For example, the time to achieve success in a brute-force attack on a password would be distributed according to a uniform density between time 0 (when the attack begins) and time N/M where there are N possible passwords and M random passwords are tried per time unit. Techniques for estimating fi and ti for more complex computing systems have been developed and evaluated by the authors (Carin et al., 2008). Moreover, estimates of the time-to-compromise density allow us to estimate the cost-to-compromise of the ith component as well as the overall system or mission.

For simplicity, we assume that each density has the same form for each component and define α to be the lower bound on the support of f, β to be the upper bound on the support of f, μ to be the mean, and m to be the median. Moreover, we let n denote the degree of diversity (i.e., the number of distinct versions, for example, where clearly n = 1 represents a monoculture) as well as the number of parallel attackers such as would occur in a coordinated nation-state or organized crime attack.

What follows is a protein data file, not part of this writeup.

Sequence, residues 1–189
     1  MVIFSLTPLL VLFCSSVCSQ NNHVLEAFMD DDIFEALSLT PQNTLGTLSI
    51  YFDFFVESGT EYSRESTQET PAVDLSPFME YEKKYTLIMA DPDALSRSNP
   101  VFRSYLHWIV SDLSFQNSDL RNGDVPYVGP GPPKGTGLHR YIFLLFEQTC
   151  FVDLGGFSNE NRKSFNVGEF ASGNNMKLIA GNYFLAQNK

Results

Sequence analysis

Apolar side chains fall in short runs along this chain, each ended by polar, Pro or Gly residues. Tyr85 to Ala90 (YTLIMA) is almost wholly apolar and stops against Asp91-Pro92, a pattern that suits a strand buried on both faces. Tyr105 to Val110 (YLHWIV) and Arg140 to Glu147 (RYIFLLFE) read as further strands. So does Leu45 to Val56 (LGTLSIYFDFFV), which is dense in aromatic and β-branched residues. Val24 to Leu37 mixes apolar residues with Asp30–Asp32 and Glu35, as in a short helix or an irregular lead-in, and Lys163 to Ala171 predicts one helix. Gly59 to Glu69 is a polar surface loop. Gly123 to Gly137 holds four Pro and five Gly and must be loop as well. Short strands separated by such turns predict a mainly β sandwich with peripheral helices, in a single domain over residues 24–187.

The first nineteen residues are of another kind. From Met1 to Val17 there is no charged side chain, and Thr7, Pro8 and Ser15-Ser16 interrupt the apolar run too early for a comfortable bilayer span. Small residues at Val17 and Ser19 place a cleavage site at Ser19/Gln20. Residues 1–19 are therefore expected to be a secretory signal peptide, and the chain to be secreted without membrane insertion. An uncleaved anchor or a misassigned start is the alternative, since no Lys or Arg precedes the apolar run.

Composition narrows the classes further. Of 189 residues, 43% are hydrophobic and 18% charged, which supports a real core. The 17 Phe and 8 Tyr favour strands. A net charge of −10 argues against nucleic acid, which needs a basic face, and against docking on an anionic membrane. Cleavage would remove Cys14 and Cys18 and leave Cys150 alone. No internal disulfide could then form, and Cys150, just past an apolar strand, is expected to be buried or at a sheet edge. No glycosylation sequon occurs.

Table 1 summarizes several analyses we have performed. The columns labelled Attackers and Diversity are as described; the entries in the columns for C, I, and A are the expected times to compromise confidentiality, integrity, and availability respectively. A graphical depiction of this analysis for the last line in the table is shown in Figure 1 to illustrate the wide variability on time-to-compromise under these different scenarios. In this situation, where we have n-fold diversity and n parallel attackers, the expected times to achieve the various CIA security goals varies significantly. Decision makers must understand which security properties are most important to their organization's missions and invest accordingly.

Table 1. Expected times for an attacker to achieve one of the CIA goals


























This work quantitatively develops the trade space between confidentiality, integrity, and availability as a function of network diversity and time-to-compromise. In any such trade space, the IT manager must determine the "operating point of the design" or the balance between security properties and other important system properties such as "maintainability" and "mission utility".